Richmond Coun. Harold Steves was sent home early from the Richmond Hospital after an operation because the air quality was so bad it triggered his asthma, causing him to cough so much that hospital staff was worried he’d pop his stitches.
Steves told this anecdote at Monday’s council meeting as Richmond council discussed sending a letter to the province to ask for a status update on a new acute care tower for Richmond Hospital.
While there have been “tremendous improvements” in equipment and care since he sat on the hospital board in 1968, Steves called the building “archaic.”
“The MRIs and the equipment they have there is top notch, but the building has much to be desired, so we’ve really got to get a new hospital,” Steves said.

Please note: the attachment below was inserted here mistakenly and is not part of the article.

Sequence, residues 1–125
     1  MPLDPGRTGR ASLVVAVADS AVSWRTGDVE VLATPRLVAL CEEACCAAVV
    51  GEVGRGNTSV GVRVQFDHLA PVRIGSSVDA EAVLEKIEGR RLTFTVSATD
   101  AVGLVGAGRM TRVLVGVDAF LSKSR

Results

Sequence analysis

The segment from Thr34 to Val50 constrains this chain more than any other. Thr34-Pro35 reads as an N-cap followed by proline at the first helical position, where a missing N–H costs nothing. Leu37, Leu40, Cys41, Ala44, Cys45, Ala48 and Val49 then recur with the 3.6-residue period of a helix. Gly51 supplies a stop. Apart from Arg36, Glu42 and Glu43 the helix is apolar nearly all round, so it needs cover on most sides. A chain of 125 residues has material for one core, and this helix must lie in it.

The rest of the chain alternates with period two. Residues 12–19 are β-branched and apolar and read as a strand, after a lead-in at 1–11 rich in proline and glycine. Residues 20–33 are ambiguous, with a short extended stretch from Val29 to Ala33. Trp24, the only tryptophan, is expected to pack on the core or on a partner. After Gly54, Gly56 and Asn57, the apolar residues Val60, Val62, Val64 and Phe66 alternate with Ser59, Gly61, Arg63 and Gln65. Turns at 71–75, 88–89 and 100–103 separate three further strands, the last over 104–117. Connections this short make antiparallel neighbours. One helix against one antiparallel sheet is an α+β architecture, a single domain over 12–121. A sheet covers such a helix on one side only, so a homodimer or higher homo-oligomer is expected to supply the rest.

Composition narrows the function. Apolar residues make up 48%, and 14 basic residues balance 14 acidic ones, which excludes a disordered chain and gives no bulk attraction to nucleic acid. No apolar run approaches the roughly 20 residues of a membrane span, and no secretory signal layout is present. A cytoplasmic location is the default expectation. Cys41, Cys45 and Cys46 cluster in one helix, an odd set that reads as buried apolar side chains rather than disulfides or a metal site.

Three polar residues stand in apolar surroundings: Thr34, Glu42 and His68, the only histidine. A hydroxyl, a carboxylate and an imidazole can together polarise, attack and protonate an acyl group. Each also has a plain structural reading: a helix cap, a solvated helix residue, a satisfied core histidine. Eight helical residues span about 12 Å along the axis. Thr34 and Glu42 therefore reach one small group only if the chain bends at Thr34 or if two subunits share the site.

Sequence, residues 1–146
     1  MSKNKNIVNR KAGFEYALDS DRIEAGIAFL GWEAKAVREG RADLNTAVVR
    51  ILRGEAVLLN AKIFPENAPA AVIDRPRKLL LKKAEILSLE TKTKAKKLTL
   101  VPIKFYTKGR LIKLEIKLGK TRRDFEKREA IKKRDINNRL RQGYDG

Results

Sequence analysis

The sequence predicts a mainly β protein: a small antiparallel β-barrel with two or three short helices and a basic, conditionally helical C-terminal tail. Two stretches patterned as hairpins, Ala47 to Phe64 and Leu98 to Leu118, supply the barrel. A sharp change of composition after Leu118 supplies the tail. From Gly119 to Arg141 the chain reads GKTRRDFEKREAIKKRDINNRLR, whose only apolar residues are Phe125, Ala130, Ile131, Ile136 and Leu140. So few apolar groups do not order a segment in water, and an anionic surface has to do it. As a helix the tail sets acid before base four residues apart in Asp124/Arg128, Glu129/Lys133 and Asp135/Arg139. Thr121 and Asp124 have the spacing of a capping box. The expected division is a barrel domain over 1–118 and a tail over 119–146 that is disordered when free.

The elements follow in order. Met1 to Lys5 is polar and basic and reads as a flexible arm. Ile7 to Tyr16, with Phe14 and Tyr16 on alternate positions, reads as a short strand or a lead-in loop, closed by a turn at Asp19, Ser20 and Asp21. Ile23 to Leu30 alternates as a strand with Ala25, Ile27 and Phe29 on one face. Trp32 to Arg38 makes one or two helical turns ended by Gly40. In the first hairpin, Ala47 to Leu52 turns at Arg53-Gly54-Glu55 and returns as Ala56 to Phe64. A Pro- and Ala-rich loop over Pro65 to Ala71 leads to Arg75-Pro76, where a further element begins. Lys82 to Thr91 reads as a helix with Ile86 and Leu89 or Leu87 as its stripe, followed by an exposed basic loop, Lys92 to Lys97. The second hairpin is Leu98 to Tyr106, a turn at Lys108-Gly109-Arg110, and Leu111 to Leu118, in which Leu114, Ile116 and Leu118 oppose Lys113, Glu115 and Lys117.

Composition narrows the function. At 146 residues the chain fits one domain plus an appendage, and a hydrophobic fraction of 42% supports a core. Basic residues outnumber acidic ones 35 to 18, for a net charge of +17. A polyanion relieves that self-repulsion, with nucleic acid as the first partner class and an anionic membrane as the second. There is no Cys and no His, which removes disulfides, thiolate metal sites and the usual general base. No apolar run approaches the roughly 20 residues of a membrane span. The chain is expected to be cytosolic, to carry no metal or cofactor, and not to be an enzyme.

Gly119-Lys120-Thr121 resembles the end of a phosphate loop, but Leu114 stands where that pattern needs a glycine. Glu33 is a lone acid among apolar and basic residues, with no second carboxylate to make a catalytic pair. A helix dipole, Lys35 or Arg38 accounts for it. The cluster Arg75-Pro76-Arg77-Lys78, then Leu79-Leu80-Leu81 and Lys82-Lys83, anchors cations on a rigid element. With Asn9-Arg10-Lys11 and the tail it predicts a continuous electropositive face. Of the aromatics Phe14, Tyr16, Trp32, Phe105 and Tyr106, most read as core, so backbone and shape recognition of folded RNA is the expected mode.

Richmond council voted unanimously to send the letter of inquiry to the premier, minister of health and the finance minister.
With the announcement of a $1.3 billion to replace Burnaby Hospital, Richmond Mayor Malcolm Brodie said he wanted to know what was happening with Richmond Hospital.
“The fact that Burnaby has now had a $1.3 billion announcement begs the question as to the status of the Richmond acute care tower business plan and timeline for treasury board approval,” Brodie said at Monday’s committee meeting.
The Ministry of Health has approved the concept plan for the new acute care tower at Richmond Hospital.
The business plan is currently being developed and is expected to be ready sometime in the fall, according to Vancouver Coastal Health. When it’s approved, the full budget will be announced.
The Burnaby Hospital project includes two new towers, a cancer treatment centre, an upgraded mental health and substance use unit and a new maternity ward.